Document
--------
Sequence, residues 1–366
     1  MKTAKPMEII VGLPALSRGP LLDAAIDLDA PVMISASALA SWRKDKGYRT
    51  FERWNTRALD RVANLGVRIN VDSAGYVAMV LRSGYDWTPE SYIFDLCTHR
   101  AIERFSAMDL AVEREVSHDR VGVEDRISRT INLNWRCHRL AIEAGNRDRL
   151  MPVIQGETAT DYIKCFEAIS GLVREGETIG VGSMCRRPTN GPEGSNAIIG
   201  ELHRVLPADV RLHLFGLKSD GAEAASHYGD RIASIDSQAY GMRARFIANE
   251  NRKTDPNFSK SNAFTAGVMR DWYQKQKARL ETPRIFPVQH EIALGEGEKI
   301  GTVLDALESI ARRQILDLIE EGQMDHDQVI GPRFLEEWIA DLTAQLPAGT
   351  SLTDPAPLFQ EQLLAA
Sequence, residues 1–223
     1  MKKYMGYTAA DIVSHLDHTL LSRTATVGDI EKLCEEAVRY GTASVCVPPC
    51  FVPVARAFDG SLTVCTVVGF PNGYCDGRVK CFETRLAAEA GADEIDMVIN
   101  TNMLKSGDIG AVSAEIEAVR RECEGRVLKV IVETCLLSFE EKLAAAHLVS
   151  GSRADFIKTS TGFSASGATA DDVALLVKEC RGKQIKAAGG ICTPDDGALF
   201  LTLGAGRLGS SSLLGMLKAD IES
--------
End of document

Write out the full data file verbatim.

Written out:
Sequence, residues 1–366
     1  MKTAKPMEII VGLPALSRGP LLDAAIDLDA PVMISASALA SWRKDKGYRT
    51  FERWNTRALD RVANLGVRIN VDSAGYVAMV LRSGYDWTPE SYIFDLCTHR
   101  AIERFSAMDL AVEREVSHDR VGVEDRISRT INLNWRCHRL AIEAGNRDRL
   151  MPVIQGETAT DYIKCFEAIS GLVREGETIG VGSMCRRPTN GPEGSNAIIG
   201  ELHRVLPADV RLHLFGLKSD GAEAASHYGD RIASIDSQAY GMRARFIANE
   251  NRKTDPNFSK SNAFTAGVMR DWYQKQKARL ETPRIFPVQH EIALGEGEKI
   301  GTVLDALESI ARRQILDLIE EGQMDHDQVI GPRFLEEWIA DLTAQLPAGT
   351  SLTDPAPLFQ EQLLAA
Sequence, residues 1–223
     1  MKKYMGYTAA DIVSHLDHTL LSRTATVGDI EKLCEEAVRY GTASVCVPPC
    51  FVPVARAFDG SLTVCTVVGF PNGYCDGRVK CFETRLAAEA GADEIDMVIN
   101  TNMLKSGDIG AVSAEIEAVR RECEGRVLKV IVETCLLSFE EKLAAAHLVS
   151  GSRADFIKTS TGFSASGATA DDVALLVKEC RGKQIKAAGG ICTPDDGALF
   201  LTLGAGRLGS SSLLGMLKAD IES